Welcome to Eureka Street

back to site


Sitting in a room with my mother and father

  • 03 February 2015

Now On the cliff path, early, the wind a cool shadow felt at my back: when the sun’s blaze slams into my chest, I am held between them as if both would claim me, pass through me.   So grief, with its heart-heat, its pressuring shadows, lays claim, passes into and through us. After, a stillness in which you may learn from memories, know those who’ve gone in new ways; and even imagine their own past knowing of you. My most frequent memory now is of sitting in a room with them,   my mother and father, the sense of space and warmth in their presence as, through the opened house, air streams from the garden.     The Bay I'm old enough to have wondered what my last memories will be, young enough to seek out new ones that might, in extremis, keep me company. On a century-old pier stump, far out, a cormorant airs its wings – a cross-shape against the mountains, their violet darkness shared in this light, by reefs in the shallow bay. Where I wade, gold lines web the seabed, trace each crinkling green surge. Even cloud-wreathed the sun lays down a path towards me as dolphins thread in, their easeful arcs soon to traverse that ribbed glitter;   the peace of evening already present.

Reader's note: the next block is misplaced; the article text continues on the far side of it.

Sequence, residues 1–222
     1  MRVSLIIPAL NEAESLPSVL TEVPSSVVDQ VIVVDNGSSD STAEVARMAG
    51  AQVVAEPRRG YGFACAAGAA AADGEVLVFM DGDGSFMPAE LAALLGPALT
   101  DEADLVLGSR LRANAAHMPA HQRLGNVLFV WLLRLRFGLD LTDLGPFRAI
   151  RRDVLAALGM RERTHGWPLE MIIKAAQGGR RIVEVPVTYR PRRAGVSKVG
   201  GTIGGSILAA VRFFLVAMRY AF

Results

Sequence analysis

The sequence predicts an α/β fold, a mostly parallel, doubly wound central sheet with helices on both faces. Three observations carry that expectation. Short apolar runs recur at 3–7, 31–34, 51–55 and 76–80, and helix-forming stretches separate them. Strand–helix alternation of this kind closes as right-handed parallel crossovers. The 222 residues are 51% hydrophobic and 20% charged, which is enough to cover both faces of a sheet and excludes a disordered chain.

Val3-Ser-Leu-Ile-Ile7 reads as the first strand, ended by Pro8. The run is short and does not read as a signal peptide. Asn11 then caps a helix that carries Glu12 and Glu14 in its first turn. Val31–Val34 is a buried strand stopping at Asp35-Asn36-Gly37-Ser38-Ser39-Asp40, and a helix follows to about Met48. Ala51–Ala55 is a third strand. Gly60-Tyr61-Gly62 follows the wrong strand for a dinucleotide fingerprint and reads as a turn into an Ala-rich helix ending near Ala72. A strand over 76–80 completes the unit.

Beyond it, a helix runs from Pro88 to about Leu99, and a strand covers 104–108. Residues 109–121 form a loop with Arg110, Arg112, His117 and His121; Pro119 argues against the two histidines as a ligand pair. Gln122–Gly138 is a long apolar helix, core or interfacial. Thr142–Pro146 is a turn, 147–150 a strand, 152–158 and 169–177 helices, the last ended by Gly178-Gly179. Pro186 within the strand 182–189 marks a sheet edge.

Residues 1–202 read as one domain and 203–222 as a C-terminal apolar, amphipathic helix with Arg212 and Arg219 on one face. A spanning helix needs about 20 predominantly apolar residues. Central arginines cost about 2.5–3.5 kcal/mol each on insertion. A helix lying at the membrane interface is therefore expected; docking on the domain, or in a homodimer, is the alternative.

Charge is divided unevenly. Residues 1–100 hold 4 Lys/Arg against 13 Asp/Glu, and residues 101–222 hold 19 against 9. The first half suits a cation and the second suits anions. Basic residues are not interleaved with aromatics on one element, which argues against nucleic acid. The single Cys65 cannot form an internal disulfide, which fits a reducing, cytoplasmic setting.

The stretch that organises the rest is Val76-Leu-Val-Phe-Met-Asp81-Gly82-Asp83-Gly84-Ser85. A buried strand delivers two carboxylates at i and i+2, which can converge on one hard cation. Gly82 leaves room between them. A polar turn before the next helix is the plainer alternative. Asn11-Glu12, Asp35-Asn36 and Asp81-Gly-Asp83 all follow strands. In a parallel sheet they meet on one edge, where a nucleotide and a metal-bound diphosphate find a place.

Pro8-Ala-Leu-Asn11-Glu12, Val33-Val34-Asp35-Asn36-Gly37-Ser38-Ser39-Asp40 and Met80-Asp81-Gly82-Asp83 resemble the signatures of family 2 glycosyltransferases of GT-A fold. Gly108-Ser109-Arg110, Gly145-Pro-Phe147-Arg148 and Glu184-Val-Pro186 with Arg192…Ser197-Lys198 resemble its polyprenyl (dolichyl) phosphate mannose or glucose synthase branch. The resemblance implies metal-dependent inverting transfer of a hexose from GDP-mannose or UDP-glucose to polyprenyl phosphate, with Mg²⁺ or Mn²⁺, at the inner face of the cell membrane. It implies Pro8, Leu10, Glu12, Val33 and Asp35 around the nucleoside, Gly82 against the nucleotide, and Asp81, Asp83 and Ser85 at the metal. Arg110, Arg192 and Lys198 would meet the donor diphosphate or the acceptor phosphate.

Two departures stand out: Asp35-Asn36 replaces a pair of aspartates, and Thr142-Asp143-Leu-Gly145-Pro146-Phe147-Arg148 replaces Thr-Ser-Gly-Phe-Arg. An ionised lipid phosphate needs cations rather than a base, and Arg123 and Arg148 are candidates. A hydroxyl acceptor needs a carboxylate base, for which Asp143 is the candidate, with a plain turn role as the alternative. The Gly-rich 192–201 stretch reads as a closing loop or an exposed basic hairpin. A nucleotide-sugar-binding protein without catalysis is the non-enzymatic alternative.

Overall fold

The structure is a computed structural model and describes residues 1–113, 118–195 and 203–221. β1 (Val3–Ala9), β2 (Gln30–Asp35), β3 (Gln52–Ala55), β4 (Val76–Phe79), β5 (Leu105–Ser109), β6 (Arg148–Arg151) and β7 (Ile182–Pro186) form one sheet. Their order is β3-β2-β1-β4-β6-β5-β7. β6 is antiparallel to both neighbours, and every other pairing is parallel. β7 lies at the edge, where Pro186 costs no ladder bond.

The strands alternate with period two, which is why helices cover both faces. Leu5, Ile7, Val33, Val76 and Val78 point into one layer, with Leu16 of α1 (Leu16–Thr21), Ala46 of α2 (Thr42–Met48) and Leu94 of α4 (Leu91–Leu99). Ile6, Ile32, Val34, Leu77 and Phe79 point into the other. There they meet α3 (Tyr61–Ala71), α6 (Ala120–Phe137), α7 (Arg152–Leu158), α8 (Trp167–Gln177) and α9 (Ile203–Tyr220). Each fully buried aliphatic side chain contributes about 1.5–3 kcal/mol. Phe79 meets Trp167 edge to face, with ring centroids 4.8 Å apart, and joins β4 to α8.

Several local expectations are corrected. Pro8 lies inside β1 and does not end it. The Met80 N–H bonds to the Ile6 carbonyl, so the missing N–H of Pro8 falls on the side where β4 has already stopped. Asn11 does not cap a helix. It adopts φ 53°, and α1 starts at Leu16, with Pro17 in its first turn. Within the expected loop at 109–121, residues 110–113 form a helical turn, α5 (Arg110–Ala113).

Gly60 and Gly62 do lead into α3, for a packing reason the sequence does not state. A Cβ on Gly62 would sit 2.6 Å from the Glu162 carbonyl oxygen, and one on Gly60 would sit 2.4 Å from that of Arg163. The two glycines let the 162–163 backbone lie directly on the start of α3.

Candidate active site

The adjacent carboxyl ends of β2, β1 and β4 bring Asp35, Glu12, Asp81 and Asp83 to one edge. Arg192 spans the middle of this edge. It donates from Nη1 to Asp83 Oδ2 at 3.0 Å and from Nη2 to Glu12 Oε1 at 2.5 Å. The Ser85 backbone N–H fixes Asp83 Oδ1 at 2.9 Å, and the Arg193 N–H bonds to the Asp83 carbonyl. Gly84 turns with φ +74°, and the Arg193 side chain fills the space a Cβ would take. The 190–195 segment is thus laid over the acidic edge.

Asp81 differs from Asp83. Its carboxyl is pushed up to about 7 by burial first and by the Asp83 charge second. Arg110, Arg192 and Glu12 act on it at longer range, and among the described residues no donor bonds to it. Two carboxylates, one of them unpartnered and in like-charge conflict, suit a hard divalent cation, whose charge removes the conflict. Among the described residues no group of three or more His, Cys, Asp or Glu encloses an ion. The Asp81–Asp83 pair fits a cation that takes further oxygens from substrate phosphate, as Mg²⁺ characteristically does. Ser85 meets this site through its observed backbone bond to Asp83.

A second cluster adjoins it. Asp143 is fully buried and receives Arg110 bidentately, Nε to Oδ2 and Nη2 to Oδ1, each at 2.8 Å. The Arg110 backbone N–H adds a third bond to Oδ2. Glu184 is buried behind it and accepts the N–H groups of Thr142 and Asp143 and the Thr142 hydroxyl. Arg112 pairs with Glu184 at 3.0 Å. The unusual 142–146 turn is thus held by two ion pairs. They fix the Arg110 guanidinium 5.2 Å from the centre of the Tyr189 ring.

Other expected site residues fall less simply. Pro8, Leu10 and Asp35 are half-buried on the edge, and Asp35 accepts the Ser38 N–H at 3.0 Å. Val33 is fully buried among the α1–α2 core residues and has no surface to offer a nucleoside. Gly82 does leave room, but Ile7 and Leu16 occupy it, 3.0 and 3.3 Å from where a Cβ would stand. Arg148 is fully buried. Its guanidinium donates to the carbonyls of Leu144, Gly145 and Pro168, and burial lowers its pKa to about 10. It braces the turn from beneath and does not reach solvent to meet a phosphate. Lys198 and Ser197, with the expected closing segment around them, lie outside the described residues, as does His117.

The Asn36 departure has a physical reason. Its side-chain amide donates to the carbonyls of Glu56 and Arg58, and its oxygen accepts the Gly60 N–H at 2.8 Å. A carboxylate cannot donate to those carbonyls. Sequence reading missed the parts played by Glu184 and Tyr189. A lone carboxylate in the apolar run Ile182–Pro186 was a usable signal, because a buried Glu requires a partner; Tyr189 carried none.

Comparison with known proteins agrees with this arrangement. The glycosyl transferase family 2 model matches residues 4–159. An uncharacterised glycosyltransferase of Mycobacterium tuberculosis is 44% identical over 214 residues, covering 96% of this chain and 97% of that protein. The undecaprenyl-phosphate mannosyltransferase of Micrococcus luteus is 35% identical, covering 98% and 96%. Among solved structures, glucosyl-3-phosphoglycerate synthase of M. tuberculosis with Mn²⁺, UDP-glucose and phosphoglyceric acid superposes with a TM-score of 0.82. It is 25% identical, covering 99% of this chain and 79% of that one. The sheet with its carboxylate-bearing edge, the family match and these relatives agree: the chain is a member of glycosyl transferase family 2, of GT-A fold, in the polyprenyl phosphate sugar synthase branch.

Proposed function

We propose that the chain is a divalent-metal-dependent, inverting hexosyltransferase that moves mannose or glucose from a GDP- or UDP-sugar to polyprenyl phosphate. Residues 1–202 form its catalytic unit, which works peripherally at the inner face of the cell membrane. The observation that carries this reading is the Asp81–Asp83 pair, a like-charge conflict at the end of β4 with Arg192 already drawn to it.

Diane Fahey is one of Australia’s foremost poets. Her most recent publication is The Wing Collection: New and Selected Poems (2012).